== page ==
‘How We Got Over’ features 24 narratives of mid-20th-century life in a Louisiana town.
The African American Museum at Fair Park will host a meet-and-mingle session with the editors of How We Got Over: Growing up in the Segregated South on Feb. 19 from 2 to 4 p.m.
Helen Benjamin, a retired educator and current higher education consultant, and Jean Nash Johnson, a former writer and editor for The Dallas Morning News, will sign copies of the book, which was released in December. Both live in the Dallas area.
Erykah Badu’s 1997 debut album Baduizm sold millions, ignited the neo-soul movement and turned the singer from South Dallas into a global star.
Yet in hindsight, it’s remarkable the record ever came out.
This month marks the 25th anniversary of the release of Baduizm, an album that had zero in common with other bestselling records by female artists at the time.
Badu didn’t have a big, melodramatic voice like Celine Dion or Toni Braxton. She didn’t make frothy dance pop ala the Spice Girls or angsty alt-rock like Alanis Morissette.
What she had was a vision: Music that was soulful, playful and deep, with one foot planted in hip-hop and the other in Zen philosophy.
While her colleagues gravitated toward bling and braggadocio, Badu served up mysticism and rationalism. Not Buddhism. Baduizm.
As a first year, second semester student, I had transferred from Texas Southern University and enrolled at Arlington State College for the spring semester, January 1963.
The initial integration of ASC took place with students from my graduating class of James Madison High School. I knew all the freshman students from Madison who desegregated. There were also some students from Fort Worth schools in attendance.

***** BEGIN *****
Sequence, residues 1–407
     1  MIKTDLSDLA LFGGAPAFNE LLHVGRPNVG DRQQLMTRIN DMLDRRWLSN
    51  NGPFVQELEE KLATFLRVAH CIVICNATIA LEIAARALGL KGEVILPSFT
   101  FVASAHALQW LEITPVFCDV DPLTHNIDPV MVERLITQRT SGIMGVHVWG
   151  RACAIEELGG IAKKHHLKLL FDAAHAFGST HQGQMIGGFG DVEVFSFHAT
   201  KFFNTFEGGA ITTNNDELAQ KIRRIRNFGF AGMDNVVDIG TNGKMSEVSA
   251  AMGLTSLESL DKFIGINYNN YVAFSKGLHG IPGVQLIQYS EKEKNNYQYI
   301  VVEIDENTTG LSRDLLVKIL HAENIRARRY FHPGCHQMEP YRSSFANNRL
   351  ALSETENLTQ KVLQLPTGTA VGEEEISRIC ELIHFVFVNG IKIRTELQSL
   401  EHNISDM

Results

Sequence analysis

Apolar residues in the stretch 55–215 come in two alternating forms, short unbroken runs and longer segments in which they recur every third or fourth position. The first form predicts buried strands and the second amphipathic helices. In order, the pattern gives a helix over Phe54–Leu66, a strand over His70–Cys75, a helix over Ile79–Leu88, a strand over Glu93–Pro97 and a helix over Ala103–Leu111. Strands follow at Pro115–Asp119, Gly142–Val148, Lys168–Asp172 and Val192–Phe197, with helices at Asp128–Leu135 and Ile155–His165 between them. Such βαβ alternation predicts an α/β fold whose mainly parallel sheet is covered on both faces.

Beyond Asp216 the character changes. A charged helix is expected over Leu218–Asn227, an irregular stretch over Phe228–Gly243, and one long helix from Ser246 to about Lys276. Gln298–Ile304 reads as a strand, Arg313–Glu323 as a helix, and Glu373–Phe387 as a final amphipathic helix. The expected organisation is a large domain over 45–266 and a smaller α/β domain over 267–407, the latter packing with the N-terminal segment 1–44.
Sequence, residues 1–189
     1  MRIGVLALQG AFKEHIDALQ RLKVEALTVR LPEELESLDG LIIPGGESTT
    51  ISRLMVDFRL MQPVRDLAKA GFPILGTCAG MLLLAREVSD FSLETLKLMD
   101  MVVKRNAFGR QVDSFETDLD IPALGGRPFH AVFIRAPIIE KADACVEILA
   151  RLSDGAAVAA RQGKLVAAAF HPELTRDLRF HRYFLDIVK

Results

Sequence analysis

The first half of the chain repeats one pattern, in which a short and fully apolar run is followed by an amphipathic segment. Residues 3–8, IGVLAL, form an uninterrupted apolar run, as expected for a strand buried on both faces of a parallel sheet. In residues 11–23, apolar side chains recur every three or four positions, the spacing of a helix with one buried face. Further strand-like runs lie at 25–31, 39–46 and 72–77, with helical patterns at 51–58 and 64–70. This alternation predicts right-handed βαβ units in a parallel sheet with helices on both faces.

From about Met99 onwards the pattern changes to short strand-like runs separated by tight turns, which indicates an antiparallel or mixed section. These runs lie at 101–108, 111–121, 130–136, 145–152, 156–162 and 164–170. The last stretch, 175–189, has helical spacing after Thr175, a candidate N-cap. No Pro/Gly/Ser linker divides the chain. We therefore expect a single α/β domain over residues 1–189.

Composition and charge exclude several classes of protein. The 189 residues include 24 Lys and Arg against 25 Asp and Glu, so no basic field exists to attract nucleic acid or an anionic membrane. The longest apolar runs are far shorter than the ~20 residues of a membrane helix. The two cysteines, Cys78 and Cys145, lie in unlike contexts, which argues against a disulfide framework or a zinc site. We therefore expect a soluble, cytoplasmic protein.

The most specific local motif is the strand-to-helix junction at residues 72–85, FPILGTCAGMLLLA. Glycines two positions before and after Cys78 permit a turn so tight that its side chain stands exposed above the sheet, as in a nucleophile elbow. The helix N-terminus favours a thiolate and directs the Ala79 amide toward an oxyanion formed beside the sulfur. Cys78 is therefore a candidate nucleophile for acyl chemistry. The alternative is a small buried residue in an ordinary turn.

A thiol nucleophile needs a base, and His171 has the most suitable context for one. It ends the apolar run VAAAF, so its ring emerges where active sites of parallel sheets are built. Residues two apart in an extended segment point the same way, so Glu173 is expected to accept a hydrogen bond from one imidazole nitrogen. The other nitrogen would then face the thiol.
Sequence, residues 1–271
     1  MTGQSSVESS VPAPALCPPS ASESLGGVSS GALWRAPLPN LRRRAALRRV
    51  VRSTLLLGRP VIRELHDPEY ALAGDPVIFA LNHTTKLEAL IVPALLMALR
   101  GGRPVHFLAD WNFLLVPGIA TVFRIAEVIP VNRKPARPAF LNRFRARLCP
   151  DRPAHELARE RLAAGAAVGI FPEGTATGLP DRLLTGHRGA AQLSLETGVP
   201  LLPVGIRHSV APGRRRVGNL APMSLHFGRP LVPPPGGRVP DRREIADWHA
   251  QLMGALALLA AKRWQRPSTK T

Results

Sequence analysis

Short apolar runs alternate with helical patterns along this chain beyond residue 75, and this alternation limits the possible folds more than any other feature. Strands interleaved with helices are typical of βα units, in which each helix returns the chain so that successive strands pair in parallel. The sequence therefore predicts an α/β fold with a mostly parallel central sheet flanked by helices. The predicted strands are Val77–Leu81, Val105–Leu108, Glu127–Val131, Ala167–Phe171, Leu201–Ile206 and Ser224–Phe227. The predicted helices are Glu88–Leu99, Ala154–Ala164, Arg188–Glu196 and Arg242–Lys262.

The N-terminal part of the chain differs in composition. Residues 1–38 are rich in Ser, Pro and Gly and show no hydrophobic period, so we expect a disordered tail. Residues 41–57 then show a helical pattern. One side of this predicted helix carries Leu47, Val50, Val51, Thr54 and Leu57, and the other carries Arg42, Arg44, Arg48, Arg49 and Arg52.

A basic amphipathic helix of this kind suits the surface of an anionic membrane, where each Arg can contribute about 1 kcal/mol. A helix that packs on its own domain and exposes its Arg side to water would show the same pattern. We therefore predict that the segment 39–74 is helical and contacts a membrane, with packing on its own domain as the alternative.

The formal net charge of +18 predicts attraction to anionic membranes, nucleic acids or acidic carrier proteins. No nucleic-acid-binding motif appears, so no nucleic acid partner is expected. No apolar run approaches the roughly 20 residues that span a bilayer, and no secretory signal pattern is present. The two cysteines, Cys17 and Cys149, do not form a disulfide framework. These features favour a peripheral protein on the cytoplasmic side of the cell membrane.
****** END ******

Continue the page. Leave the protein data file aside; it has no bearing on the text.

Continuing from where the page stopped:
The school’s White parents and students, as well as White citizens who opposed desegregation of the college staged protests at the college. I viewed my role as a second semester freshman student of having to finish clearing the rugged, bigoted, racial trail. I thought all of the heckling, screaming, racial slurs and penny tossing would be over by the second semester – but it continued. I quickly found out that the resentment, intimidation, threats and veiled hostile environment remained.
In the first episode of “Bel-Air,” a wide-eyed Will arrives at a neoclassical estate, its private driveway lined with picturesque palm trees and luxury cars. As he stands amid the grand foyer’s artworks and double staircase, he’s asked if he’s all right after everything that’s happened.
“It’s all good, Aunt Viv,” he responds with a smile and an eye roll. “I got in one little fight and my mom got scared.”
That throwaway line is an unmistakable wink at fans of “The Fresh Prince of Bel-Air,” who will immediately recognize those words from the still-syndicated sitcom’s earworm of a theme song. But it hits different in “Bel-Air,” where — by this point in the episode — viewers will have watched Will endure a near-fatal brawl, a night in jail and the fearful scolding of his mother, who sends the West Philadelphia teenager to live with estranged, wealthy relatives on the other side of the country.
Stretching those seconds-long lyrics into a 15-minute opening sequence — after which the title appears in glistening, golden, graffiti-less letters — is an up-front declaration: “Bel-Air” is not just another reboot of a well-known TV show. While recent re-inventions rest on replicating familiar formats, regurgitating subplots or recasting actors to reprise their roles, the Peacock series, which premieres Super Bowl Sunday, is a top-to-bottom reimagining of the story told on a ’90s sitcom.